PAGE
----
Brittney Griner has dominated the world of women’s college basketball for the past four years. She has been named Big 12 Player of the Year and Big 12 Defensive Player of the Year multiple times. She has assisted Baylor by blocking 736 shots, a record for men and women.
It has been expected that she will be drafted into the WNBA, but a simple statement by Mark Cuban, owner of the Dallas Mavericks, has caused a stir in the basketball world. Cuban extended an invitation to Griner for an opportunity to tryout for his NBA team. Griner replied via Twitter with “I would hold my own! Let’s do it.”
The idea of a woman in the NBA has ruffled a few feathers. Current coaches and players have been asked whether or not they think a female athlete could keep up with the overwhelming testosterone on the court. Celtics’ Paul Pierce stated that men are stronger, faster and more athletic than women. He can’t imagine a female playing in the NBA anytime soon because of the physicality of the game.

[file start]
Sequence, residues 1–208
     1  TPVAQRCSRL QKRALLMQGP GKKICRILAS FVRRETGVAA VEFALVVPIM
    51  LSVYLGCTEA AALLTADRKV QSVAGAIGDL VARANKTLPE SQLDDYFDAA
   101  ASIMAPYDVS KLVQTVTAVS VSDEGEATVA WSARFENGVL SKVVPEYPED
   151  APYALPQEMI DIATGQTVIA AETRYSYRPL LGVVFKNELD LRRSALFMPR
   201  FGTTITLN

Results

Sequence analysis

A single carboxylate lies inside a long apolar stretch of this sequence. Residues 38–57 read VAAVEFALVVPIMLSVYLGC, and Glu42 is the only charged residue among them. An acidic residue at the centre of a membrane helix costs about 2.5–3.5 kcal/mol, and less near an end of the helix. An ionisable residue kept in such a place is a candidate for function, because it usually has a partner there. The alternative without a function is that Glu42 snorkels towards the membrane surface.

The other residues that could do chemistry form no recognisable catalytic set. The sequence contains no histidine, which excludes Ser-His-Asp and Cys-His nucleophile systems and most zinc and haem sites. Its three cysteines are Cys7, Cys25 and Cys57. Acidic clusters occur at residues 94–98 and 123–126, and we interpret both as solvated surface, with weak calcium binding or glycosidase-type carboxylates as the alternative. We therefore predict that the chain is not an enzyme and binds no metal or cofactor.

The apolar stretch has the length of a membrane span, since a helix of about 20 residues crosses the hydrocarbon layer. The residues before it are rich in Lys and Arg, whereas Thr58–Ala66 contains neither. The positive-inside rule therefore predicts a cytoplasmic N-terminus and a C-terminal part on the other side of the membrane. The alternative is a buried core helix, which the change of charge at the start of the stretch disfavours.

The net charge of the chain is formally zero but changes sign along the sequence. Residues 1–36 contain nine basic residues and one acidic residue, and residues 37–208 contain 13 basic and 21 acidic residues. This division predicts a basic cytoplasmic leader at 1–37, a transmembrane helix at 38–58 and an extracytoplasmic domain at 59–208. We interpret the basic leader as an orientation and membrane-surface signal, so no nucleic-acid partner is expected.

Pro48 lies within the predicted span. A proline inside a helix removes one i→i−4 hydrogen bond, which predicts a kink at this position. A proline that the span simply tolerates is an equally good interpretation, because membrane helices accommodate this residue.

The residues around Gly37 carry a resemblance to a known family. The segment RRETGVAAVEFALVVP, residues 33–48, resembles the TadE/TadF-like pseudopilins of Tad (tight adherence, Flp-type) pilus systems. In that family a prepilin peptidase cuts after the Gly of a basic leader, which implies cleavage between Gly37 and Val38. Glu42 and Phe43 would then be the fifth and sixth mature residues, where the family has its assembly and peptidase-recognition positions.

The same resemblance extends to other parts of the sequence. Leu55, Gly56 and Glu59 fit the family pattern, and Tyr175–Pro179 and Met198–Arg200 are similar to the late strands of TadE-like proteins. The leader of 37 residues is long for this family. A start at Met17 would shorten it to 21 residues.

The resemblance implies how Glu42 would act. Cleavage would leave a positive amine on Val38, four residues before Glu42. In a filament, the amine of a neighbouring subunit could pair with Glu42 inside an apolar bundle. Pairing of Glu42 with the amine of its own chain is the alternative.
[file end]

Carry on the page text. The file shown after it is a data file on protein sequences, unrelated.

SportsCenter, ESPN’s flagship show, created #GrinerNBA to see the public’s opinion on the possibility of having a female playing in the big boy league. It is amazing how many variations of ignorance there are. Instead of focusing on her talent, followers tweeted that “a woman doesn’t belong in the NBA, she belongs in the kitchen.” Others took it as far as she would be “raped” on the court, or she doesn’t have the “man parts” to compete.
Despite the negativity that seems to be lingering over Griner’s head, she is receiving support. Former women basketball players Nancy Lieberman and Ann Meyers Drysdale see the situation from both sides. Lieberman, who played with a men’s team in the late 1980s, can guess how the male athletes will react. “There’s not a man who would sell his soul and let her come down and dunk on him. They are going to knock her on her ass,” Lieberman said to US Today last week. Even with hesitation, both women agree that Griner should go for it. This opportunity does not happen every day.
Griner has overruled just about every opponent she has come across. Her height and skill has made every challenger look inferior. Millions have watched her success, but very few have seen her compete on the court with the guys. She may be able to face the men and the media attention she will get for being the first female given the opportunity to play in today’s NBA, she might not. We will find out around the same time she does; at tryouts.